Last Thursday I watched a difficult episode of PBS's Wide Angle series Wide Angle. The Russian Newspaper Murders | PBS. As the title hints it was about the murder of newspaper editor Alexei Sidorov in the Russian city Togliatti, and his immediate predecessor as well. The two days later I read that the Russian-American editor of the Russian edition of Forbes, Paul Khlebnikov, was shot to death on his office door step in Moscow BBC NEWS | Editor shot dead in Moscow street (the Guardian, New York Times , and Washington Post American Journalist Shot Dead in Moscow all covered this too. The details are somewhat sparse in these stories, after all who's going to cover this? As Nick Cave once asked rhetorically in a Birthday Party song "Hands up, who wants to die?" (Sunny's Burning) . When asked, people say "its like the nineties", or "it might had to do with his work". That's more then the police in Togliatti seemed willing to admit about Sidorov since they seemed to go out of their way to label that murder a ordinary mugging gone awry. The earlier murder they seem simply not to have investigated at all. The accounts of Paul Khlebnikov's activities point to an article he ran last month right after arriving in Russia from New York, listing Russia's new billionaires as his one unforgivable sin. They are shy people apparently.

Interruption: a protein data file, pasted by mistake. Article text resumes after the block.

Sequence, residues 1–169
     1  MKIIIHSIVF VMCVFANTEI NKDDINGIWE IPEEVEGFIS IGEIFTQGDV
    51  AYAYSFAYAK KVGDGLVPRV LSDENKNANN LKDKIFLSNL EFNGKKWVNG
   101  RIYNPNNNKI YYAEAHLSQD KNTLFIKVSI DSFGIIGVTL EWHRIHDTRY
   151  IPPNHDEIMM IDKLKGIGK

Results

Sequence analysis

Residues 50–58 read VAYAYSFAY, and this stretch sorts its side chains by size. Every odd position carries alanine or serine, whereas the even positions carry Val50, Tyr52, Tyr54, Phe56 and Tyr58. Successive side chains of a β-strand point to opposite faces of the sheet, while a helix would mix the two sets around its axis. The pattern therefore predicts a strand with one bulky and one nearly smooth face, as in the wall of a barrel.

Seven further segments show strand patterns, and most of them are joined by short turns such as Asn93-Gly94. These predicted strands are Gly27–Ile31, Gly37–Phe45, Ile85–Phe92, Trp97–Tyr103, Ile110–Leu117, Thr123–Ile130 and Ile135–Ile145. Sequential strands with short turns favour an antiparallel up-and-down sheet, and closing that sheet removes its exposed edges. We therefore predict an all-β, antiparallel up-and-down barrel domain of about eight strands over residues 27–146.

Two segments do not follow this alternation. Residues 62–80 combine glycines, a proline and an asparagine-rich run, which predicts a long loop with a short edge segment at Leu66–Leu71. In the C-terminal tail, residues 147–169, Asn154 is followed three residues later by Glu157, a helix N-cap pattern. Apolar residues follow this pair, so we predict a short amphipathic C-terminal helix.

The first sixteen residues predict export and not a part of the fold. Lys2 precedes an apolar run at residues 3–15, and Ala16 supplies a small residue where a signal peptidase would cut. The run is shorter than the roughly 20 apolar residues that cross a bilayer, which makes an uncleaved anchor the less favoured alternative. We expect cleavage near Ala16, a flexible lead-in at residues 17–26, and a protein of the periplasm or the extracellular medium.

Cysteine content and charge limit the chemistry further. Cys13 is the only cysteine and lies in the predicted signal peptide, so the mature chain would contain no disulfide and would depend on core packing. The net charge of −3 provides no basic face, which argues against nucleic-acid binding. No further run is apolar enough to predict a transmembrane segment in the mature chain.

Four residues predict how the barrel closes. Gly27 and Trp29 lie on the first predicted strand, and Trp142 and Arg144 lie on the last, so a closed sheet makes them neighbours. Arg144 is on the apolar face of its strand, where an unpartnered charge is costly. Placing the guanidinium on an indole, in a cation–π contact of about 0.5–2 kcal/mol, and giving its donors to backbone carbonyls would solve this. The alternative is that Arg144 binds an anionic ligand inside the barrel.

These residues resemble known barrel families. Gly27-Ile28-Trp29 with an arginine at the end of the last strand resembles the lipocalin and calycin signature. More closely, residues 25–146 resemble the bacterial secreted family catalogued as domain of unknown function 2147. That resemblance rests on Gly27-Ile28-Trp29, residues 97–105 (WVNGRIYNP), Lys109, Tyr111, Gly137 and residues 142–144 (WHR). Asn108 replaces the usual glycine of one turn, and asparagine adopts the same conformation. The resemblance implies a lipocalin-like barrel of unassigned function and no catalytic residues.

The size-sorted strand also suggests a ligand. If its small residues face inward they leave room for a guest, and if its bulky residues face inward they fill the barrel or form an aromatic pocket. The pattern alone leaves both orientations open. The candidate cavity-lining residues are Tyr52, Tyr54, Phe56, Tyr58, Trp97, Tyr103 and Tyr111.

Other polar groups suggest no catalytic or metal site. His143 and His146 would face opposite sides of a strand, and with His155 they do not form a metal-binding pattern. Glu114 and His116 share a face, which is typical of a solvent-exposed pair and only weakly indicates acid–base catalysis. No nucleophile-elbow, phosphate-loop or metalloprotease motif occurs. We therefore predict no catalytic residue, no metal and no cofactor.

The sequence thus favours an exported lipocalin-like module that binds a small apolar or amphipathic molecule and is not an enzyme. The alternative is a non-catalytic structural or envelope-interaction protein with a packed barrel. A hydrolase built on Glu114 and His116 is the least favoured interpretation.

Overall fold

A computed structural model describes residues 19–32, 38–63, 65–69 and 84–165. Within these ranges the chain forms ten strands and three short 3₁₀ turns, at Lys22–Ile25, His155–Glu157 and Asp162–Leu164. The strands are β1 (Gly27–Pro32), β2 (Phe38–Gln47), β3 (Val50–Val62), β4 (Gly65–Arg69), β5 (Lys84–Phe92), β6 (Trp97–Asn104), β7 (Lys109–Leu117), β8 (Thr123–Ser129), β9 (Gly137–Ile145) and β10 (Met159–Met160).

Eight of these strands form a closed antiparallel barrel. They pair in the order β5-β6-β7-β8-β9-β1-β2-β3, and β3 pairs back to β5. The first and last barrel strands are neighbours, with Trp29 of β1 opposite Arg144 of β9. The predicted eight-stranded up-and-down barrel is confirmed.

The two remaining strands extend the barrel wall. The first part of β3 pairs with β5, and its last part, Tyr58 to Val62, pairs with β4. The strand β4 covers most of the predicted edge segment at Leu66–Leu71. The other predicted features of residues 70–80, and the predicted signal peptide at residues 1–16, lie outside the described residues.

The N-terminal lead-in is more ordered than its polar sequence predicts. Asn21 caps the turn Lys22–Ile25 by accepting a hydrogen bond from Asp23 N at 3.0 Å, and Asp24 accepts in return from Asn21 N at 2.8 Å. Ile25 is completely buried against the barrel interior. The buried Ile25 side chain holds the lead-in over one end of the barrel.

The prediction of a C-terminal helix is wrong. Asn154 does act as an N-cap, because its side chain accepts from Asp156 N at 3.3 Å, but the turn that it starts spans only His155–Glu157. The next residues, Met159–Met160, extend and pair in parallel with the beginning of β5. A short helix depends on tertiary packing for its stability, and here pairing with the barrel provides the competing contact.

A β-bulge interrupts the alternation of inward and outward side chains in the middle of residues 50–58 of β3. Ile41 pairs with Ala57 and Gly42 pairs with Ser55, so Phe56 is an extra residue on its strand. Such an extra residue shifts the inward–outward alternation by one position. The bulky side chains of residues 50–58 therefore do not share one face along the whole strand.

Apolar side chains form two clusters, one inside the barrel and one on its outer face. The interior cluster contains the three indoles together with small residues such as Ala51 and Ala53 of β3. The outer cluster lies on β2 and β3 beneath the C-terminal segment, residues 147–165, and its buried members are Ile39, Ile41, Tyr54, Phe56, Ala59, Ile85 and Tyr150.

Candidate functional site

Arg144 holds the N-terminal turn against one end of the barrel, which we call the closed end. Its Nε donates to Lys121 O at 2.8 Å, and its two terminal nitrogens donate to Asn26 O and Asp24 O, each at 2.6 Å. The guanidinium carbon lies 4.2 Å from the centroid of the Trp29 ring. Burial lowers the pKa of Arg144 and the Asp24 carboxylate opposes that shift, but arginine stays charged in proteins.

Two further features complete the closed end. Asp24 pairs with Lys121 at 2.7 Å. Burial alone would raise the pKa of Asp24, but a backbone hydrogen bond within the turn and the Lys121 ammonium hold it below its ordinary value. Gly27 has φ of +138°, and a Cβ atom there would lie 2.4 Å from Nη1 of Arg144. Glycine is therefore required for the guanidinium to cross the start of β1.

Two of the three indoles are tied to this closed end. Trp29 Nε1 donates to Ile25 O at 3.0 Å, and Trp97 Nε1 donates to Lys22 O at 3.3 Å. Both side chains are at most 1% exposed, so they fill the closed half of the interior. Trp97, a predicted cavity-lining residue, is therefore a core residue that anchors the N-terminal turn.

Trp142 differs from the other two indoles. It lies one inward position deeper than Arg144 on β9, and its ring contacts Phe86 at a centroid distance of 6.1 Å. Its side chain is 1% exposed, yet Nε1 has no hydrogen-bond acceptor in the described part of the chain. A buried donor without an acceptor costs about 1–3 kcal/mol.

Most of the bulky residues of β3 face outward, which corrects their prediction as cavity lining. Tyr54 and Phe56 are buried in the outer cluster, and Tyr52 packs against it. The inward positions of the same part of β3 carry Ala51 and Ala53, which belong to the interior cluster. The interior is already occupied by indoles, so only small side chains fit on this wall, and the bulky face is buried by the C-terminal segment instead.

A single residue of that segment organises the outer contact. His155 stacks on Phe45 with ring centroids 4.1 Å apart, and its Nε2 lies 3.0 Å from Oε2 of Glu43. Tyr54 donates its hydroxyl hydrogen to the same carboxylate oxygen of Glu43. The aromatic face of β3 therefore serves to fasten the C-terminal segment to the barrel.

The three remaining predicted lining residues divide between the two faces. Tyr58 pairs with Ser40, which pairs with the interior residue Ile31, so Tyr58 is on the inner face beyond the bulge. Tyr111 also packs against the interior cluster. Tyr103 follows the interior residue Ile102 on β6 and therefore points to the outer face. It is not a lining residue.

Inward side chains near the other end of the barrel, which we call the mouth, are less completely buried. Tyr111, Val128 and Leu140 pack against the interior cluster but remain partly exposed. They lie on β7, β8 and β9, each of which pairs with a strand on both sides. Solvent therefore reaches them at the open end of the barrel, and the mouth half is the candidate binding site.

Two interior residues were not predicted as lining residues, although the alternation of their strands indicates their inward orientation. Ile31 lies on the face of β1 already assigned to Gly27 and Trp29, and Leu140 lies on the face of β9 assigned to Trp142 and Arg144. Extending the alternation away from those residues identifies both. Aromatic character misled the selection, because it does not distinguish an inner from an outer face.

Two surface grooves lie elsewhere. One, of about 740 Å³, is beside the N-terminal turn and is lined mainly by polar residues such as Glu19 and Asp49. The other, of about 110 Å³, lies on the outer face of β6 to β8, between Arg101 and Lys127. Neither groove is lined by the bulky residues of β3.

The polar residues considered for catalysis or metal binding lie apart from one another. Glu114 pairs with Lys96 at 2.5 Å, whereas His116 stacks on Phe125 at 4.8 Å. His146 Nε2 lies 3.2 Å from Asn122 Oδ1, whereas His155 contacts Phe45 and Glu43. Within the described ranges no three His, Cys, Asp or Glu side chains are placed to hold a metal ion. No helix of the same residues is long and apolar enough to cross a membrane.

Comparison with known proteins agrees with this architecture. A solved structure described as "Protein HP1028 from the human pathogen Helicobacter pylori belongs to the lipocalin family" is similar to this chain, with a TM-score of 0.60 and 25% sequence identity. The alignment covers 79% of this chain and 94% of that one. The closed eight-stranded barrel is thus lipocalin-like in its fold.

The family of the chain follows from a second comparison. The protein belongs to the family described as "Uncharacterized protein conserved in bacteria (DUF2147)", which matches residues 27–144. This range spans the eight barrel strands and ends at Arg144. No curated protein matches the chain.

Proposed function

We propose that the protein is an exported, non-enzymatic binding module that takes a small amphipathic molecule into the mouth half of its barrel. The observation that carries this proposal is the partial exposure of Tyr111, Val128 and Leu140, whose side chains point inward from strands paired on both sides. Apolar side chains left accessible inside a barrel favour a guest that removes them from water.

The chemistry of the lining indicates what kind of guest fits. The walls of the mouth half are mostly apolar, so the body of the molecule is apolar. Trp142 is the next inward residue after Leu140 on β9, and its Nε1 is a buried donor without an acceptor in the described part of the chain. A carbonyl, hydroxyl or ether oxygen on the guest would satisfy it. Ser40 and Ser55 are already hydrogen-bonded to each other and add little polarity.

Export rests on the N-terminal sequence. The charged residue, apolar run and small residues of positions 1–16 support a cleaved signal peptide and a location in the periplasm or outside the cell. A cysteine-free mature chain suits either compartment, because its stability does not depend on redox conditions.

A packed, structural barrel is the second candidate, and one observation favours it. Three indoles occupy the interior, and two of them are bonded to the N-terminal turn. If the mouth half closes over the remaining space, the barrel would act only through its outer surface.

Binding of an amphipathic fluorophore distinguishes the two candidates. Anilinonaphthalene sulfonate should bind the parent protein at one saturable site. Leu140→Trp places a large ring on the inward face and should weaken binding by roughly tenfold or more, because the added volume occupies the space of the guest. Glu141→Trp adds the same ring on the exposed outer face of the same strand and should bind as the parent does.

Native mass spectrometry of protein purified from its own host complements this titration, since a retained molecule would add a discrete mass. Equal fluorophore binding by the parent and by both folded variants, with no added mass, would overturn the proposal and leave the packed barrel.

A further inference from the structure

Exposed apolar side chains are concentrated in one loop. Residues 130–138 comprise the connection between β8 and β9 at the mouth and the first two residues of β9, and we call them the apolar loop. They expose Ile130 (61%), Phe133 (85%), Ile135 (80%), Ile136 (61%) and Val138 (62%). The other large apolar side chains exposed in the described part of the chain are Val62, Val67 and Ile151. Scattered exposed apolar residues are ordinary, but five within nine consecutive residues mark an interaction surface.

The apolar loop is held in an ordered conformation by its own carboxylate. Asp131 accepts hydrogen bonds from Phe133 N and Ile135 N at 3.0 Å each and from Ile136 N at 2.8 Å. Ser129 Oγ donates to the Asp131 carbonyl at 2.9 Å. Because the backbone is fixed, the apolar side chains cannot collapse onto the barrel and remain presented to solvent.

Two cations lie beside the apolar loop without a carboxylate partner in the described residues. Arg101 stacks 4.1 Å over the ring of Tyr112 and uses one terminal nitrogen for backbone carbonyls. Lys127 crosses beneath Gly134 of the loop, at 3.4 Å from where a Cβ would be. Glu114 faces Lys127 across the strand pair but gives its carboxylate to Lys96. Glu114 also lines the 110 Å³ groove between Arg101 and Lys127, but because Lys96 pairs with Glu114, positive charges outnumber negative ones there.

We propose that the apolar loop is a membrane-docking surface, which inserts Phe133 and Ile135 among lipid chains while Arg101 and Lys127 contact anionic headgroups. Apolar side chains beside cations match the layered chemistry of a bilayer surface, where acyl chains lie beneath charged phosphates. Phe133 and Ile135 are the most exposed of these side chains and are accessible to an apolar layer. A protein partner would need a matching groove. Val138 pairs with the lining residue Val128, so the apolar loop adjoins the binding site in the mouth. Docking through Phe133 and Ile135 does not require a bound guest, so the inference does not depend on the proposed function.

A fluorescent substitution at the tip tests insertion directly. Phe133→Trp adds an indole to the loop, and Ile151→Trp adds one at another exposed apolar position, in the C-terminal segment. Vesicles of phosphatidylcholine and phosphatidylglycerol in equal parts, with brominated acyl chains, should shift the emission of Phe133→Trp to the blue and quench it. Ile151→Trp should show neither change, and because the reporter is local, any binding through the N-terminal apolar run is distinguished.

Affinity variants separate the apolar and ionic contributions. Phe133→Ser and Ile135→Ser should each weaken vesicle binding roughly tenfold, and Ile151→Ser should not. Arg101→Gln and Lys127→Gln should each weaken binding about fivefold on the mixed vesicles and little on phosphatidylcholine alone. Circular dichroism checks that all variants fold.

A Reuters wire piece by a Russian journalist Moscow murder, TV rows expose risks for journalists points out that this happened in a temporal conjunction with an official crackdown on the media, especially the NTV network. He quotes a director of an independent radio station as saying: If a journalist does not behave in appropriate fashion, he is either dismissed ... or promoted and therefore taken off the air. If this proves impossible -- as in the case of an American publication -- he gets killed and the rest are intimidated.. There being no other way of sending him a message that suggested itself. The Wide Angle episode made the point that most Russians seem willing to give Vladimir Putin a pass on the New Authoritarianism - as long as he brings a semblance of order back to Russia. This disorder at the same time many lay at the feet of the ultra oligarchs. One question is whether Putin, as we see him take apart a company like Yukos oil, is really engaged in this struggle to tame the oligarchs - or is he merely answering to a subset of the new wealth (re)building a national socialist Russia. Another consideration made apparent here is that few societies are as dangerous as those that have been held in check by police state and censorship when that power slips or is interrupted. There is neither deepness of memory of law and ethics whether in a person or an institution that can stand against fear and greed.